How engineering leaders maintain sync with stakeholders
Oct 18, 2023
In the dynamic realm of software engineering, the bridge between engineering leaders and stakeholders is crucial. This bridge is built on trust, transparency, and most importantly, metrics. As the saying goes, "What gets measured gets managed." But how do engineering leaders ensure that they're not just measuring, but also communicating these metrics effectively to stakeholders?
The Power of Metrics
Metrics are the lifeblood of an engineering organization. They provide a quantifiable measure of team performance, the health of the development process, and the overall productivity of the engineering team. Metrics like cycle time, lead time, and lines of code offer insights into how efficiently the team is working. More importantly, they help engineering leaders identify bottlenecks, areas of optimization, and opportunities for continuous improvement.
Cycle Time and Its Significance
Cycle time, a critical engineering metric, represents the time taken from when a task starts to when it's completed. It's a clear indicator of the team's efficiency. A shorter cycle time means tasks are being completed faster, leading to quicker software development and releases. Conversely, a prolonged cycle time might indicate potential bottlenecks or areas that need optimization.
Investment Profile: Joining Project Management Metrics with Code Metrics
To present a holistic picture to stakeholders, engineering leaders often merge project management metrics with code metrics. This combined view offers a comprehensive understanding of both the planning and execution phases. For instance, while code review metrics might indicate the quality of code being produced, project management metrics can shed light on the team's adherence to timelines and their alignment with business goals - for example, the KTLO vs. non-KTLO breakdown can shed light on the team's focus and alignment with strategic objectives.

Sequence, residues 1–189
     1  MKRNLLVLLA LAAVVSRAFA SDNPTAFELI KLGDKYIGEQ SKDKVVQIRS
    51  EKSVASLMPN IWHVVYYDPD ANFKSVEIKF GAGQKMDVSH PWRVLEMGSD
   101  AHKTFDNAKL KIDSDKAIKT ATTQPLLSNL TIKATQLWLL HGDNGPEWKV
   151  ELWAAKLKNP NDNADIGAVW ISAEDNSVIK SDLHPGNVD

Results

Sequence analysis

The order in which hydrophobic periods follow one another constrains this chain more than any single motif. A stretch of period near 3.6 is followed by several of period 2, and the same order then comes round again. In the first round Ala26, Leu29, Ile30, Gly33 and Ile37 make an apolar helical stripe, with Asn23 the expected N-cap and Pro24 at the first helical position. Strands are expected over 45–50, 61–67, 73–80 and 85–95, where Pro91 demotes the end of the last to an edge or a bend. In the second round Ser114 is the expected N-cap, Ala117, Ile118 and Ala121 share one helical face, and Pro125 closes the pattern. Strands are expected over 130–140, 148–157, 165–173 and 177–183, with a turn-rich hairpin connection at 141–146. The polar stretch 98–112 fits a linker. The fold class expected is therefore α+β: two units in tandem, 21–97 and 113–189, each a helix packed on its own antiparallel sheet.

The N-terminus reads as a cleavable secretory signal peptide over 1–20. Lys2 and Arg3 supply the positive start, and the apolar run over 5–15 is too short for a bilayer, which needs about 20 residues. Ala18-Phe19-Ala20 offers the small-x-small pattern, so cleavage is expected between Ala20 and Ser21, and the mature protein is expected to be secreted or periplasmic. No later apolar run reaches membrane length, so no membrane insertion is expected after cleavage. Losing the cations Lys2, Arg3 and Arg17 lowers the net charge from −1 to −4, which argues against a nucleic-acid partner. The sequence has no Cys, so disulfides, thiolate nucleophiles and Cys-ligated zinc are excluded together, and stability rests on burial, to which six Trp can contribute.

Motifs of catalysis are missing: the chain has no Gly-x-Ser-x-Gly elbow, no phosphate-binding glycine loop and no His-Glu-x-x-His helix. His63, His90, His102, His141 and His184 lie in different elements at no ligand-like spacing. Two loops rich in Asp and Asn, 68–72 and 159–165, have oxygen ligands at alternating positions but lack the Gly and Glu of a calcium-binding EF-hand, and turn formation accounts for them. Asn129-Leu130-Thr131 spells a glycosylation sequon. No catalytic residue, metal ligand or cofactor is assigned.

The Machine Behind the Machine
When stakeholders understand the intricacies of coding time, pickup time, review time, and deploy time, they get a glimpse into the "machine that makes the machine." These metrics, especially when tracked over time, paint a picture of the engineering team's health and efficiency. For instance, if the review time starts increasing consistently, it might indicate that the code quality is declining, necessitating longer review processes.
The Art of Communication
Engineering leaders play a pivotal role in ensuring that stakeholders are always in the loop. This involves:
Transparency: Being open about the metrics, even if they aren't favorable. This builds trust and ensures stakeholders are never caught off guard.
Regular Updates: Instead of waiting for a quarterly review, engineering leaders can provide regular updates, ensuring stakeholders are always informed.
Using Data: As Catherine Miller aptly put it, "Planning conversations are about feelings, and execution conversations are about data." Leveraging data during discussions eliminates ambiguity and drives objective decision-making.
Course Correction: When Things Go Off-Track
Even with the best plans in place, things can go awry. Engineering leaders need to be adept at course correction. This involves identifying the root cause, be it tech debt, resource constraints, or external factors, and then implementing the necessary changes.
BuildPulse: A Partner in Effective Communication
For engineering leaders looking to streamline their communication with stakeholders, BuildPulse Engineering Metrics emerges as an invaluable ally. Not only does it provide comprehensive metrics, but its developer copilot feature also ensures timely reviews and automates routine tasks. With tools like BuildPulse, engineering teams can focus on what they do best: building quality software.
In the ever-evolving world of software engineering, maintaining sync with stakeholders is both an art and a science. It's about measuring the right metrics, communicating them effectively, and ensuring that the entire team is aligned with the organization's broader goals. After all, as Juan Pablo Buriticá succinctly put it, "We're a good engineering team if we're good at reacting quickly."